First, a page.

Archive for January, 2009

View from Grouse Mountain today

January 20, 2009

I went skiing on Grouse Mountain this morning (my first time skiing in ages). Down below, the city was shrouded in fog, but on top the mountain, we were in a world of sun and snow (and surprising warmth).



island mountain tops

ridges of sea monster back

rise from sea of fog

Time travel via fog

January 15, 2009

Downtown on Robson Street today, looking down Granville Street, something seemed wrong with the picture. Then I realized that the fog had erased the tall buldings normally looming behind the two-story older ones and had also erased the Granville Street bridge. As I walked away, a haiku started to form. By the time, I thought of going back to take a photo, the fog had dissipated, but you can still get the idea from the photo below, which I took a couple blocks west. I walked all around Robson St. and side streets looking at old apartment buildings and old Victorian houses, imagining (with the fog’s help) what the streets must have looked like when the old low-rise buildings lined every street, and high-rises, cellphones, etc. were still the stuff of science fiction.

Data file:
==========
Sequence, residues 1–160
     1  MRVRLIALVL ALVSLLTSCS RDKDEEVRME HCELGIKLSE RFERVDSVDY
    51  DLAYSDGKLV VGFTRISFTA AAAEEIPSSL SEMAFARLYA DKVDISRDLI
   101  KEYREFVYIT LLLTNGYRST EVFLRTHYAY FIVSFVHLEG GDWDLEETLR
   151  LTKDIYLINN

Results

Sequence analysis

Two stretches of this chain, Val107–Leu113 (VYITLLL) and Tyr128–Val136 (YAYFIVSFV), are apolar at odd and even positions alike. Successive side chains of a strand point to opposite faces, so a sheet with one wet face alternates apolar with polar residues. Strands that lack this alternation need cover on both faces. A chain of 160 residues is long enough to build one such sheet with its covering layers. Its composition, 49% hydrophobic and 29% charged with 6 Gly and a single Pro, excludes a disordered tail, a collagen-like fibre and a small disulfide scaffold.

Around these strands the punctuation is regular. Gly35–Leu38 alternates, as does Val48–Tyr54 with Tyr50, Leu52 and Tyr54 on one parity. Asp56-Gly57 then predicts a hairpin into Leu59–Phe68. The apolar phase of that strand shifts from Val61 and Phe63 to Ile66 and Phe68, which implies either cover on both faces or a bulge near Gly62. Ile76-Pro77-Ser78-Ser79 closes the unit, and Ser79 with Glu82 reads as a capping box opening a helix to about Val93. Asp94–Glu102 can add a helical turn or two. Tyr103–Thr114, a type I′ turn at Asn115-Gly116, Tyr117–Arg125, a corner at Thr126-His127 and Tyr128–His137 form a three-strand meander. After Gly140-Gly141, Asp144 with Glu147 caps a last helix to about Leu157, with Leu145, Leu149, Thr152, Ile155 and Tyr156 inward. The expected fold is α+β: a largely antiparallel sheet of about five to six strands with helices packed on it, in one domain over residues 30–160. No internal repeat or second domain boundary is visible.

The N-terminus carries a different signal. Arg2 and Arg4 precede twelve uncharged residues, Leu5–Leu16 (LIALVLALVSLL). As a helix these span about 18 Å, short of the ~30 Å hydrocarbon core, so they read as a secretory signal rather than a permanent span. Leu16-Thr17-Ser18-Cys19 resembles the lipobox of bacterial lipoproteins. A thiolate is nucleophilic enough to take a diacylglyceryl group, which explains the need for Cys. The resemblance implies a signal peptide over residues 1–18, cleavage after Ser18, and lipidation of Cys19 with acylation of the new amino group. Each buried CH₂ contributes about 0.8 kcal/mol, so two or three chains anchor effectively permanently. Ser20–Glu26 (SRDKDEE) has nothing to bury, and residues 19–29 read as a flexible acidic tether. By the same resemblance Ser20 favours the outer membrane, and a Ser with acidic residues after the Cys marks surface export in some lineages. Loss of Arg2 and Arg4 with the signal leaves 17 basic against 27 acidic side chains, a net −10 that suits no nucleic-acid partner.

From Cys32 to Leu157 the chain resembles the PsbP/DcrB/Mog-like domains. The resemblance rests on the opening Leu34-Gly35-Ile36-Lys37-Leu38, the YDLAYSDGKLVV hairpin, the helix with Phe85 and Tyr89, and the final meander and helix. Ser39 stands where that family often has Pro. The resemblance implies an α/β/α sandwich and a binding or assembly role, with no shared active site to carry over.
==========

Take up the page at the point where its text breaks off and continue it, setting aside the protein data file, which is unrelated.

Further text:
fog turns back the clock

old buildings reclaim the street

new ones disappear


Can you make out the hint of taller buildings behind the old ones?

Raccoon rituals

January 9, 2009

We haven’t seen any raccoons since moving to this new place, but we’ve seen plenty of raccoon foot prints since the snow. They seem to take the same route every night, their tracks like invisible ink until the snow reveals their secrets.





raccoon paw prints

mark the ice on our fish pond

washing thwarted




Note: Although it looks like raccoons “wash” their food, they don’t actually do it to be fastidious. Scientists used to think raccoons didn’t have enough saliva and needed to wet their food to swallow it. It’s since been discovered that raccoons do have enough saliva. They may simply be wetting their food to soften it or to enhance the tactile experience (they like to feel their food, and their hands become more sensative when wet).